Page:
The MacKay Moot may be slightly less demanding that other external mooting competitions in the sense that there are only two rounds. However, the timing of the competition was less than opportune. The first round was held at the end of April and the final round at the beginning of May. This is right in thick of final research paper and exam study season for law students. Throw in part-time work or pro bono commitments and pupillage or training contract interviews and that makes for an over-stretched, over-stressed, and over-caffeinated law student. Therefore, I would say the biggest challenge was time management. For me, the key to making the most of the competition without letting it detract from the other commitments is the ability to synthesis large amounts of information, identify what is relevant to your submissions, and draw it out in such a way that advances and enhances your overall argument.
This is something that Flora and I must have done relatively well to make it past the first round. The first round was held at Gray’s Inn and judged by Fox Scholars and Ontario-qualified lawyers Scott Kerr and Alex Ognibene. The first round also brought me an impromptu reunion with a fellow alumna of my alma mater. In the nervous minutes before we began, I noticed that the lead counsel from the opposing team, the University of Leicester, looked familiar. I whispered: “Did you go to U of T?” She smiled. I smiled. “I knew I recognised you from St. Mike’s!”
City was one of two teams to make it to the final round where we faced the University of Sussex. Flora and I had to prepare the opposite side of the argument for this final round. It was not only intellectually challenging to conjure up a sufficient argument in direct opposition to the position I had spent the past couple weeks convincing myself of, but it was also organisationally challenging. There was only one week between the first and final rounds, a relatively short time-frame to prepare a new argument, familiarise ourselves with new authorities, draft a new factum, and compile a new e-bundle. However, these challenges paid off when we were aptly prepared to face the formidable judging panel which consisted of The Hon. Mr Justice Green of the High Court (appointed Chairman of the Law Commission on 1st August 2018), Noah Stewart-Ornstein from Kirkland & Ellis International LLP, and Dr Tracey Elliot, Lecturer in Health Law at the University of Leicester. The judges praised Flora for adeptly drawing their attention to the strongest points in her argument while skilfully knowing when to concede. They praised me for my strength in responding to judicial intervention. We came second in the competition overall and secured cash prizes.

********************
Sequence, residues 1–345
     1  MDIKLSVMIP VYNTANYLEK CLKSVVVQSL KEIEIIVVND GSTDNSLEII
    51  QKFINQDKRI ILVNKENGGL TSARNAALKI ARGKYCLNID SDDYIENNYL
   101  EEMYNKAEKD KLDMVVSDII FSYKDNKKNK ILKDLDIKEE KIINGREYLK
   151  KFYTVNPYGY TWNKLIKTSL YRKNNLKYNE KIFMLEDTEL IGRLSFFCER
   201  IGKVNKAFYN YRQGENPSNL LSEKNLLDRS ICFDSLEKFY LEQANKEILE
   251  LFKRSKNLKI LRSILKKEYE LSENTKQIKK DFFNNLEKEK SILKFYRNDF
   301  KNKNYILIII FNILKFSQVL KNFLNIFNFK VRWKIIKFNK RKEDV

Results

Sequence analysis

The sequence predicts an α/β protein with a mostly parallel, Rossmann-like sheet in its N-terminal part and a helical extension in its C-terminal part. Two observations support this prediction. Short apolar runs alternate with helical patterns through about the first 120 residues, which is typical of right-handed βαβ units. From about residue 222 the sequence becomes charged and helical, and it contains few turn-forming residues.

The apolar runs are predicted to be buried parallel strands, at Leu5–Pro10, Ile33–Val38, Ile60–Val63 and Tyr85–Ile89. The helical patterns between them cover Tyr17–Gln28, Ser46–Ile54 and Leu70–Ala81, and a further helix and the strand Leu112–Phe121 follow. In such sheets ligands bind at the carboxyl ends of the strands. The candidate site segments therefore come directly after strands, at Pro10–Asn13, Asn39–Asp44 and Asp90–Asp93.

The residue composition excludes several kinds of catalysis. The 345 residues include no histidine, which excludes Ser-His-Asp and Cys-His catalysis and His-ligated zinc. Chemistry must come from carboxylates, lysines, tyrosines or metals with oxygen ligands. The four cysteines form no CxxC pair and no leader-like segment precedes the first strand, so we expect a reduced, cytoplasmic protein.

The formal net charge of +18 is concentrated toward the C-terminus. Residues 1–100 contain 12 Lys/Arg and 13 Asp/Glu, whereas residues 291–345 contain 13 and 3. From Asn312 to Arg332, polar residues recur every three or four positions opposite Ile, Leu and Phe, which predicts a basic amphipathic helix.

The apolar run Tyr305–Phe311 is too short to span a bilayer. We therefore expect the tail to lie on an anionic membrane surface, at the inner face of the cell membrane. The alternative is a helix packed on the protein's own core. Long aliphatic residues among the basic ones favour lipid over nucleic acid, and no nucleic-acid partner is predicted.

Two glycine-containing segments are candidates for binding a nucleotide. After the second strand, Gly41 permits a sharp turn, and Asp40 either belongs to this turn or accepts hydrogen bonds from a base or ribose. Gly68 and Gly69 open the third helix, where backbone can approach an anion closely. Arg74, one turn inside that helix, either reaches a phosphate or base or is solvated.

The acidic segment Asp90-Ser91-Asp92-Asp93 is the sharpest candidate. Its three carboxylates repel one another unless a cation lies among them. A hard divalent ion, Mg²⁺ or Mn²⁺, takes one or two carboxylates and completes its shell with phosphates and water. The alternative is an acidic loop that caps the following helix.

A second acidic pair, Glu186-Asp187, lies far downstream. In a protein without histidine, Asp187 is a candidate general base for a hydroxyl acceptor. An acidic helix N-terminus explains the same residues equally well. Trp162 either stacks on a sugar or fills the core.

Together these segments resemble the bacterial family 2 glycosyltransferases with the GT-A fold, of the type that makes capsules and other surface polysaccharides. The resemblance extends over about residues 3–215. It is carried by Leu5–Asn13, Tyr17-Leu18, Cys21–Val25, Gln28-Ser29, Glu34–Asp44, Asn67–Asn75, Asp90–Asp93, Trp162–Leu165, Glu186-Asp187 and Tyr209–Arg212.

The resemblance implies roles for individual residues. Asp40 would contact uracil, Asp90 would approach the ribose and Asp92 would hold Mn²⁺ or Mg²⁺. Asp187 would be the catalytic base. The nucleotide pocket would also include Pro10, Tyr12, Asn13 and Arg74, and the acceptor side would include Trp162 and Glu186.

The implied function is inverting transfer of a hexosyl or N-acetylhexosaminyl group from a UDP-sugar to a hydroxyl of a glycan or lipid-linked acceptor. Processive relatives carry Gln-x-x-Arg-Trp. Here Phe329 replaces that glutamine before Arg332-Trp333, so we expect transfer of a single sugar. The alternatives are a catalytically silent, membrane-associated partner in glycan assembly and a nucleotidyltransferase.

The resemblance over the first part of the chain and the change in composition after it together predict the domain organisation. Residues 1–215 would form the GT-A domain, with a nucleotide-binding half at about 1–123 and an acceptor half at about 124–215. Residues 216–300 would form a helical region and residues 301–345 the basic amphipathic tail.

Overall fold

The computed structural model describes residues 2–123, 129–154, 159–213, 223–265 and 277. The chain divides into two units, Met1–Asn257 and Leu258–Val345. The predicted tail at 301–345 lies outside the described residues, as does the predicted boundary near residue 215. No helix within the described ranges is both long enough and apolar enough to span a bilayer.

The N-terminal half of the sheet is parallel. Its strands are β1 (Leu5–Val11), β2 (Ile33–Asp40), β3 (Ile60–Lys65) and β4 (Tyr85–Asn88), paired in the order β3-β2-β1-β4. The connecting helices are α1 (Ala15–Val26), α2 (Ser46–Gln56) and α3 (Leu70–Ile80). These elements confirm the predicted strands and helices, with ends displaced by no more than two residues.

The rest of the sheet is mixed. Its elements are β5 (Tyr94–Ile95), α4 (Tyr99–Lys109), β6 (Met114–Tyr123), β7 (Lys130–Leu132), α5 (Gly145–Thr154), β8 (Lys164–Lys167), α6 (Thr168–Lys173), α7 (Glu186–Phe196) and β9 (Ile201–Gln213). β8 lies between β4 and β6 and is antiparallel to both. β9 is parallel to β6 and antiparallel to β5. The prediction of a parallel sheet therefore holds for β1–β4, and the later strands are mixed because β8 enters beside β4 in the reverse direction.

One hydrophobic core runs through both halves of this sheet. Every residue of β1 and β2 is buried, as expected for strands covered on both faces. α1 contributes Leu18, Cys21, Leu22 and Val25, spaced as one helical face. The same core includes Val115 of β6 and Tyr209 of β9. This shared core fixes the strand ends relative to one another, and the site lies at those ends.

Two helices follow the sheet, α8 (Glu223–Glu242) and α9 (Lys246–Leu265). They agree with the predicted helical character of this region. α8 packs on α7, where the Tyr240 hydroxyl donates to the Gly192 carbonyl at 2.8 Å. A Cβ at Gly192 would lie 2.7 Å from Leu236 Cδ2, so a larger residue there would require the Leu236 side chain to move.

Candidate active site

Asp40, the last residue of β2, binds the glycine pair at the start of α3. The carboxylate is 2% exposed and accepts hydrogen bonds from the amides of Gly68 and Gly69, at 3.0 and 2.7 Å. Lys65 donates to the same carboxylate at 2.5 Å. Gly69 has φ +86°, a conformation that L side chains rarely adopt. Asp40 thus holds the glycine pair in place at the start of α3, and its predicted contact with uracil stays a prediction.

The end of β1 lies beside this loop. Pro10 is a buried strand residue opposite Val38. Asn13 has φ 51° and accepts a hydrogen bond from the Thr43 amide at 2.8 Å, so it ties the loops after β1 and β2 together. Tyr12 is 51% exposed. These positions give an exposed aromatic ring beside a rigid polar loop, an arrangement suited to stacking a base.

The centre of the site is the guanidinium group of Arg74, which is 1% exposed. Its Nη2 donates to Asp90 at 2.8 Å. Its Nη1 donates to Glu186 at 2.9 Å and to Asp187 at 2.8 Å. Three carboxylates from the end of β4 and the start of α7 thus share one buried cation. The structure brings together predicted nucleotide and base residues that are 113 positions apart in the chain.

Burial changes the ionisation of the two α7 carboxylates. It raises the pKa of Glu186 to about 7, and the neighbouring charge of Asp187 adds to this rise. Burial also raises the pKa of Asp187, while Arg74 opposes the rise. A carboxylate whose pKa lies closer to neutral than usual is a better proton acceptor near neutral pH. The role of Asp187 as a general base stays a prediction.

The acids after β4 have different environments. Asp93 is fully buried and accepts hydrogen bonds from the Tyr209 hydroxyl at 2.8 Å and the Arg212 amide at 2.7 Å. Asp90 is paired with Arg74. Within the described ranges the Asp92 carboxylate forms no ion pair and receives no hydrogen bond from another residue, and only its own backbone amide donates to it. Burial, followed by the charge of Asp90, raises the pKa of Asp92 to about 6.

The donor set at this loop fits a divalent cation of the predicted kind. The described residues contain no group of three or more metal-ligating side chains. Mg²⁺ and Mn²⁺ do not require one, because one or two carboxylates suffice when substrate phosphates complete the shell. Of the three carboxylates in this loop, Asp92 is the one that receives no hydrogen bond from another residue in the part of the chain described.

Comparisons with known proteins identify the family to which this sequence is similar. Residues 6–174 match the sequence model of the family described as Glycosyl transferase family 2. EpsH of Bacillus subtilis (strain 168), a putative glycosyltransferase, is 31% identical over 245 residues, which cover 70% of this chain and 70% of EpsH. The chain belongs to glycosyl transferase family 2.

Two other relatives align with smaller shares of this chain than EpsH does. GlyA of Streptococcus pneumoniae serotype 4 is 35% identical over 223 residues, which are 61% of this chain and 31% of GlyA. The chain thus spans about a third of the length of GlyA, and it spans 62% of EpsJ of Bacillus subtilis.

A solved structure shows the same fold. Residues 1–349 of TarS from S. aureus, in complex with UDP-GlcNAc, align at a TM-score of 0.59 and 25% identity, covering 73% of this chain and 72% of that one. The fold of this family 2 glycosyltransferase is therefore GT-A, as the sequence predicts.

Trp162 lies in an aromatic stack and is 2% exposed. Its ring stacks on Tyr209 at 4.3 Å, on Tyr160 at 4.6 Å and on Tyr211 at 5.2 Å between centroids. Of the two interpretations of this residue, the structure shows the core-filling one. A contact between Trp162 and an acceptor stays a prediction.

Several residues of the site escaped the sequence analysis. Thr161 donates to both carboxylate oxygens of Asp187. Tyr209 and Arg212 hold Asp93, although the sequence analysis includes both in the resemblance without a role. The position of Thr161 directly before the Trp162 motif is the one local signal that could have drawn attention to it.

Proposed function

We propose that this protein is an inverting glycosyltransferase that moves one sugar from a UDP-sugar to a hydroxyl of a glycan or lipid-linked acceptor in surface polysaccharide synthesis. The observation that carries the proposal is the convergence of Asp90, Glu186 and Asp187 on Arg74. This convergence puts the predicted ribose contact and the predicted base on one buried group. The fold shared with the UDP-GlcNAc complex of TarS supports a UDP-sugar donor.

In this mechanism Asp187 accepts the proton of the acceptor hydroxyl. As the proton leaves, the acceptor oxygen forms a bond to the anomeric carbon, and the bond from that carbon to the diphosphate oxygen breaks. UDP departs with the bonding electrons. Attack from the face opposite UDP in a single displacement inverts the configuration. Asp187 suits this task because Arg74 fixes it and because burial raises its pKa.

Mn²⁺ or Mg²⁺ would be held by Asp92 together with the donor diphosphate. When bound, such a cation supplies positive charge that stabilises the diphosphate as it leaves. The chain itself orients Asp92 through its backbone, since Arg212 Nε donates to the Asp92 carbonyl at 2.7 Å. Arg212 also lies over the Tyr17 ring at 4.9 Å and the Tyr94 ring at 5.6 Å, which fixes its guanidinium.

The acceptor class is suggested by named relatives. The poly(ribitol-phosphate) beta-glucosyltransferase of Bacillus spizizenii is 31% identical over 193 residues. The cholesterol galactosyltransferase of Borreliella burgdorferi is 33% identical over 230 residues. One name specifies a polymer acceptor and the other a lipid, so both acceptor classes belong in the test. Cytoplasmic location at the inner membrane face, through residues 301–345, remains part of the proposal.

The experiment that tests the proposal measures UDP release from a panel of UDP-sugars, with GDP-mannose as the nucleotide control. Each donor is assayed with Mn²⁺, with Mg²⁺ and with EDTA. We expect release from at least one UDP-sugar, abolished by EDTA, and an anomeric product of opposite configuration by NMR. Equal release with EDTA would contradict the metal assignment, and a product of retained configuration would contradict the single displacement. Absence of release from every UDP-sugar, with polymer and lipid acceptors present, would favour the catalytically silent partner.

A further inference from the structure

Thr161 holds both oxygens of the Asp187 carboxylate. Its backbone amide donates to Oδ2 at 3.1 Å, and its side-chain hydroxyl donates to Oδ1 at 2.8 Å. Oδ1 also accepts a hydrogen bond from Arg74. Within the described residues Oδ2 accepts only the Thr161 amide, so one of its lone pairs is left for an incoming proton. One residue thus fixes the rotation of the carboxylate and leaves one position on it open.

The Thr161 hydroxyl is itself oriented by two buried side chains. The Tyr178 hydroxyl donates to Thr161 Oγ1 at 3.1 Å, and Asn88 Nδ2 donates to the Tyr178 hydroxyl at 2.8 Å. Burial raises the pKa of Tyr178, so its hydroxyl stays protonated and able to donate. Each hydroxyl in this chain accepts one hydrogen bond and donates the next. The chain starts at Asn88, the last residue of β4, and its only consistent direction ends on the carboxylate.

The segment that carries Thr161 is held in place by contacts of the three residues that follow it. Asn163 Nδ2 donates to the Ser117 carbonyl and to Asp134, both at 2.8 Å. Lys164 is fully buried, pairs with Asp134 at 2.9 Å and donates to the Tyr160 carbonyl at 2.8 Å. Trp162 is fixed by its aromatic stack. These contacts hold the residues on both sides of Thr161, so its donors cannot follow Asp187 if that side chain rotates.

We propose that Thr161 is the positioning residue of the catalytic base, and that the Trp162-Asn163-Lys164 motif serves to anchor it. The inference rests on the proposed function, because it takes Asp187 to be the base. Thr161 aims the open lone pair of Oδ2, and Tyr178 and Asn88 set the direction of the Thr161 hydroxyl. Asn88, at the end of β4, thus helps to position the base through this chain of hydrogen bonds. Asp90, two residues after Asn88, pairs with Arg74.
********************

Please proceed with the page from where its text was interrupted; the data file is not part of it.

We closed the evening with a reception for participants, judges, and attendees. It was a small crowd which made for intimate networking – a great opportunity to speak to and learn from successful and experienced legal practitioners. Although, if I’m to be entirely honest, the real stars of the evening were the irresistible canapés on offer from Gray’s. There was a revolving service of trays, each one filled with some new delicate, delectable treat, and each time I could hardly control my excitement. (Back when I first started attending professional networking events, I resolved never to attend an event on an empty stomach because I risked focussing too little on the networking and too much on the food. I broke that rule on this occasion, and I regret nothing.)
The MacKay Moot is a must-do for Canadian students in the UK and a great opportunity for students generally interested in the law of other jurisdictions.
If nothing else, I assure you it’s worth it for the canapés.*
*Disclaimer: This is not a legal representation.